Even if all types of actions and activities are possible in Private Game Spaces in Multiplayer Games (which is quite evident from looking at the diversity of Single-Player Games, all which have the pattern), they modulate Construction well since the safety provided lets players have a Creative Control.

Diegetic Aspects

The combination of Private Game Spaces and Thematic Consistency can be problematic - in Puerto Rico each player is building the colony with the same name as the game and in Race for the Galaxy one must assume an universal moral code stops military powers from taking over other players' defenseless planets.

Interface Aspects

For games with Private Game Spaces, the interfaces typically focus on these spaces. Secondary Interface Screens may support Visits to other players' Private Game Spaces or provide Game State Overviews.


Private Game Spaces are a form of Territories since players have Ownership of them. They are Safe Havens that allow Stimulated Planning easily since they are initially Inaccessible Areas to all other players that have not been acknowledged as Neighbors. This typically support Construction and Creative Control well, and players do not need to worry about having to react to other players' actions. By the same reasons, Private Game Spaces make it difficult to design Combat and Conflicts between players (but see the Rebels vs Imperium expansion of Race for the Galaxy for a limited example). Although Competition can still exist, games with Private Game Spaces are less likely to have Tension than those that don't. Further, when Competition does exist, it is less likely to cause Analysis Paralysis simply since Private Game Spaces lessens the possible casual relations between players and thereby makes parallel planning between players more possible, something of particular interest to Turn-Based Games. Since Private Game Spaces in this sense make it easier to spend time considering future actions, the pattern supports Stimulated Planning in this fashion as well.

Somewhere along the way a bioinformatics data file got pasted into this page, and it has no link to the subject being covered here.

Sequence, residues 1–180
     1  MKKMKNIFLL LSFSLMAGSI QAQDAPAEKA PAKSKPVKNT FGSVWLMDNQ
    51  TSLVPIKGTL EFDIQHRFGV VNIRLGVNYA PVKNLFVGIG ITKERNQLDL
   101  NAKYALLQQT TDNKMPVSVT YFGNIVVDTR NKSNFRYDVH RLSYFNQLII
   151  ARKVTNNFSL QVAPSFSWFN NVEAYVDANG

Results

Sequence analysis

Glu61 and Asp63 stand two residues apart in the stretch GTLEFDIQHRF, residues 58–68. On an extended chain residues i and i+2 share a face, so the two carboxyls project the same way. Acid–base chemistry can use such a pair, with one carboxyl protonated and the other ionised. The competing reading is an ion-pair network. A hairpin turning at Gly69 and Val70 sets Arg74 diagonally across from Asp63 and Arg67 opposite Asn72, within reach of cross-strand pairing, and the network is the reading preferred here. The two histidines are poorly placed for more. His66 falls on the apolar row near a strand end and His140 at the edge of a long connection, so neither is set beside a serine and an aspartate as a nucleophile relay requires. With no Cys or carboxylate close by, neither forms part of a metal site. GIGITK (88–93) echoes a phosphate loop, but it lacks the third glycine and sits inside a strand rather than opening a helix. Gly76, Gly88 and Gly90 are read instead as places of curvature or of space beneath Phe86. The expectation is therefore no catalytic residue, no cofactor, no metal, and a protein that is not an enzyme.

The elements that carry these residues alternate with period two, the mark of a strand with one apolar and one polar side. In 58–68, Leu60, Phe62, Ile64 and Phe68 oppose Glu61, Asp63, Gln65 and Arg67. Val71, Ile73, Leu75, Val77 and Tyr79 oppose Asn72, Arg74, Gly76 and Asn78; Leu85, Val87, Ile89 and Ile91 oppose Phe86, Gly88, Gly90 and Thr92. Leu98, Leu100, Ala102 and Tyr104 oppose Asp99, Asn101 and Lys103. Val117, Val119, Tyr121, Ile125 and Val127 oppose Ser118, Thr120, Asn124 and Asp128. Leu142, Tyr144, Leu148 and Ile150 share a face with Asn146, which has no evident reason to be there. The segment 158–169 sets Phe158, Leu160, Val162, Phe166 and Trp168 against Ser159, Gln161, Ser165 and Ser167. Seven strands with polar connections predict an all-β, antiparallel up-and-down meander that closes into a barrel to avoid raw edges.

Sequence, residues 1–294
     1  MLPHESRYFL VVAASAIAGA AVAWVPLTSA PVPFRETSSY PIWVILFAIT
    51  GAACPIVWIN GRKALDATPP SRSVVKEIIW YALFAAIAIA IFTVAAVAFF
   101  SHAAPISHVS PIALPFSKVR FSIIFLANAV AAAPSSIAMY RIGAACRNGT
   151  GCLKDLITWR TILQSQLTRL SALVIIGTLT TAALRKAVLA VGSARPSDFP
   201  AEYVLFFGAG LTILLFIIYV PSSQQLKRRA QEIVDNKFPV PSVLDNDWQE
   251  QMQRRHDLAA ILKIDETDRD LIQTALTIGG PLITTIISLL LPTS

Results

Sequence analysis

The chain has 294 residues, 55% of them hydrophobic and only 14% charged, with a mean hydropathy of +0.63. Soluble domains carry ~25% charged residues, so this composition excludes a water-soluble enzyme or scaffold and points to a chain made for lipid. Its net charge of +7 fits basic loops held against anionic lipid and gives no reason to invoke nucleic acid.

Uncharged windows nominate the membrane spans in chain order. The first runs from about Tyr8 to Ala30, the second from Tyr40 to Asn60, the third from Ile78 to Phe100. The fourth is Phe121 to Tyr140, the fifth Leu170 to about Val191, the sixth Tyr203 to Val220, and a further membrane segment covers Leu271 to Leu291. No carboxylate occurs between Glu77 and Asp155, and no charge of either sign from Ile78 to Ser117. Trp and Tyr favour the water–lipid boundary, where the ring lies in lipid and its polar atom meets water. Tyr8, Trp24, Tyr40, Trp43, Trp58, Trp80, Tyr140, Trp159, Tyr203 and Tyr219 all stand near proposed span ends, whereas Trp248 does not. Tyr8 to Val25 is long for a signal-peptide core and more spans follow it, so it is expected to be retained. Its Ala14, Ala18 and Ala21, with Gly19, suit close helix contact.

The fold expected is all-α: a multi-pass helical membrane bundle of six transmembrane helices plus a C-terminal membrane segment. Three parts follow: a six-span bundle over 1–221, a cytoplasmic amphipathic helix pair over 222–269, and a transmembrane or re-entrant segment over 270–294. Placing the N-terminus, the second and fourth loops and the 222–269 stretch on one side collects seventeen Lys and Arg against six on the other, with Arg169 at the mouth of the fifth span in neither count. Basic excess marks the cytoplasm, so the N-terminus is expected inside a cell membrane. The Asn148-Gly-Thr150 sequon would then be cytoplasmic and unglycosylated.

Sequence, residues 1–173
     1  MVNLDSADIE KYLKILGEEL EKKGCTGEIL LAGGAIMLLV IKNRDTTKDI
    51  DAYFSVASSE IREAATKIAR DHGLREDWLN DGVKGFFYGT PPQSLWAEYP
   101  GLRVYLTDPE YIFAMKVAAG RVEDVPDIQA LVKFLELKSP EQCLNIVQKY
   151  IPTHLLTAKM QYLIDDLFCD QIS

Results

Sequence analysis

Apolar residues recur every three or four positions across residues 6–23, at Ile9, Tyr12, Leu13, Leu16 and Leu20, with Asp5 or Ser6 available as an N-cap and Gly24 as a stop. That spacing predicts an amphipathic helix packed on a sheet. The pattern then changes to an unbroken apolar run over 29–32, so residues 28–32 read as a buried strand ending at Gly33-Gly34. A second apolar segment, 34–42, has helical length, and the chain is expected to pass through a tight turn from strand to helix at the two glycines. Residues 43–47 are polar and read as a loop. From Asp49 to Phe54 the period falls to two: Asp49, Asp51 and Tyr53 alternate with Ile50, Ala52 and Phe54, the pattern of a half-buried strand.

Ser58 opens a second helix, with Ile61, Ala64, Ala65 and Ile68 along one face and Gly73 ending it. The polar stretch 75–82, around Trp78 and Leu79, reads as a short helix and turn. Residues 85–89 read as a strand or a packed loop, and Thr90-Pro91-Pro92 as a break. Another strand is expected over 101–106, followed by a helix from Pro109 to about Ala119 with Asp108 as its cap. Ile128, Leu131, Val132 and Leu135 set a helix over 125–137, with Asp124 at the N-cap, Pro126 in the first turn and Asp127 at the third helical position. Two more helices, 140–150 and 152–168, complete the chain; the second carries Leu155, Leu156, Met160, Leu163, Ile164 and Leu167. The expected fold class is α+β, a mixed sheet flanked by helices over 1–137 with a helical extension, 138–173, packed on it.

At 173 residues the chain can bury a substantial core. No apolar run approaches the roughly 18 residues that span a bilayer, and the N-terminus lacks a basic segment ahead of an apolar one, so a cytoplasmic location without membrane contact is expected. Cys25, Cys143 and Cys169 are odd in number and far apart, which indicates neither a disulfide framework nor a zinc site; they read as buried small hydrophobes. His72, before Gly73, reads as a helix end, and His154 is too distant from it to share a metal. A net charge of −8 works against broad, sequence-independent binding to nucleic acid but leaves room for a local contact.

Although Private Game Spaces are typically not seen as Instances, they share characteristics in that Private Game Spaces can be seen as Instances for individual players. Other players may be allowed to enter these spaces but only have limited interaction with game elements there. Since players do not need to worry about other players, having Private Game Spaces makes it easier to support Casual Gameplay, Pottering, Late Arriving Players, Drop-In/Drop-Out. The last of these features also makes it easier feel a Freedom of Choice of when to engage in the games, making them more into Asynchronous Gameplay. The same goes for Tick-Based Games using Private Game Spaces.

Conflicts may be difficult for games using Private Game Spaces since players cannot affect each other directly. Even so, Private Game Spaces can easily be used together with Competition: either by having winning conditions based around Construction or Races or by Meta Game aspects such as Game-Based Social Statuses from comparing Achievements and High-Score Lists.


Can Instantiate

Casual Gameplay, Creative Control, Inaccessible Areas, Instances, Limited Set of Actions, Ownership, Pottering, Safe Havens, Startgame, Stimulated Planning, Territories

with Asynchronous Gameplay

Massively Single-Player Online Games

with Drop-In/Drop-Out or Tick-Based Games

Asynchronous Gameplay, Freedom of Choice

Can Modulate

Construction, Drop-In/Drop-Out, Early Leaving Players, Game Worlds, Late Arriving Players, Multiplayer Games, Persistent Game Worlds, Real-Time Games, Turn-Based Games

Can Be Instantiated By

Single-Player Games

Phasing in Multiplayer Games with Mediated Gameplay

Can Be Modulated By

Altruistic Actions, Imperfect Information, Limited Set of Actions, Neighbors, Non-Player Help, Secondary Interface Screens, Time Limits, Tutorial Neighbors, Visits

Possible Closure Effects


Potentially Conflicting With

Analysis Paralysis, Combat, Conflicts, Thematic Consistency, Tension


New pattern created in this wiki.